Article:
These men sell the white women trinkets, but Teresa's friend Teresas (Inge Maux) soon informs her that other things can be bought as well. Teresa has a young black man who dances for her, who she has taught to say the German equivalent of 'sexy beast' much to their mutual amusement. Teresa herself is insecure and unsure of the idea, but after a false start she begins to get a taste for it.
The dynamics of poverty, alienation and the differing modes and psychologies of exploitation gradually become apparent, even then it is unclear who exactly is doing the exploiting. The white women, with their 'First World problems', might seem contemptible, yet Seidl gives them a rationale and motivation. They have never got what they wanted, and now that they have the opportunity to get it, they don't know how to do so gracefully or with sympathy. There is no doubt that Paradise: Love immerses you in the humiliation and tawdriness rather than hinting at it, but isn't that itself a valid artistic choice?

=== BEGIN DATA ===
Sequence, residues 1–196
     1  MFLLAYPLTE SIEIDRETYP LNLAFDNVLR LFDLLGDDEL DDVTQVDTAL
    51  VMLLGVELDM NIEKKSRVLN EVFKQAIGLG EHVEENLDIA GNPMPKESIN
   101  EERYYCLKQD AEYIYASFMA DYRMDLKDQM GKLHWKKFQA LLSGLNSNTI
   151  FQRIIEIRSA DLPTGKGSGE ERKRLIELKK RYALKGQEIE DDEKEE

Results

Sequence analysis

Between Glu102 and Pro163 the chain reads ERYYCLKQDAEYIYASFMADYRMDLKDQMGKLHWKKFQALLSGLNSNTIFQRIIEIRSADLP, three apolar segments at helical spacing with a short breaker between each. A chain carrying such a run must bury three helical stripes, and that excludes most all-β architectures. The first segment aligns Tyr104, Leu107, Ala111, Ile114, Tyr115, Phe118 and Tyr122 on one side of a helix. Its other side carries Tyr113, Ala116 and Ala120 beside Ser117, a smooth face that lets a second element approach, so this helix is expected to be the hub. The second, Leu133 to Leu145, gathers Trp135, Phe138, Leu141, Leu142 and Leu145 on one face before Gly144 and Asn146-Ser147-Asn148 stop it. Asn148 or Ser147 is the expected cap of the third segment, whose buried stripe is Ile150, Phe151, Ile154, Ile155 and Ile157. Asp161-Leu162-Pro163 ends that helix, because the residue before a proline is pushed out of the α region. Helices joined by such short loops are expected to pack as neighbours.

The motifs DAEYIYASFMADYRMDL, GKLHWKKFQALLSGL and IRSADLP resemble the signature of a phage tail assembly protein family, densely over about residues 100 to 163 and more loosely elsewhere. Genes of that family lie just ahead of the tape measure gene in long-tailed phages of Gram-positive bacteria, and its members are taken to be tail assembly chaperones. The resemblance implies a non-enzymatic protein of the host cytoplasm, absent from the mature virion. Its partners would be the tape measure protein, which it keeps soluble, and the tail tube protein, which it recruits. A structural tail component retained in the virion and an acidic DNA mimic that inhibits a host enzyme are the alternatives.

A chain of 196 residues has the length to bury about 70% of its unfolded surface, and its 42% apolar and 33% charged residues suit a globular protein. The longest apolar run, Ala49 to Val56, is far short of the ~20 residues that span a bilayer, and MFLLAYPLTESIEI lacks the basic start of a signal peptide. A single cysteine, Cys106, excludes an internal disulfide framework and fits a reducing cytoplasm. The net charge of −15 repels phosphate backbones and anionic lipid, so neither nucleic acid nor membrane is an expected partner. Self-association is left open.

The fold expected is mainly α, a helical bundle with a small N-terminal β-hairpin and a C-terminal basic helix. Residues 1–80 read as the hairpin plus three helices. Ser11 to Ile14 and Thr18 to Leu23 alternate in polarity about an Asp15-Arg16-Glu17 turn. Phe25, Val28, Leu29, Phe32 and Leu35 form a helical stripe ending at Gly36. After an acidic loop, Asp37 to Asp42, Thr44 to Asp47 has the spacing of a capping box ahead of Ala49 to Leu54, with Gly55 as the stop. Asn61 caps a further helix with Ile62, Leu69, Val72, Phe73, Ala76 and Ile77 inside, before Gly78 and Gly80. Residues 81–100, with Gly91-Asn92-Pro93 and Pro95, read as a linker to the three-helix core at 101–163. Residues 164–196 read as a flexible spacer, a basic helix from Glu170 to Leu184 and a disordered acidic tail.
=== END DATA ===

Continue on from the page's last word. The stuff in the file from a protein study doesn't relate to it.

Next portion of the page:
Paradise: Love opens with a scene which perfectly sums up the contradictions in Seidl's own methods. We see a party of Down's syndrome patients sitting patiently in dodgem cars. As the scene goes on at length, it is tempting to find the reactions funny, which is immediately followed by a sense of guilt. The scene stands as a symbol for our concepts of paradise - what we think we want makes us buffoonish, traps us, frightens us and puts us in danger, but the problem is not ours. If Seidl hates anything, it is the systemic failures of the world which make people hateful and not the people they really are.
The 56th BFI London Film Festival runs from 10-21 October. For more of our LFF coverage, simply follow this link.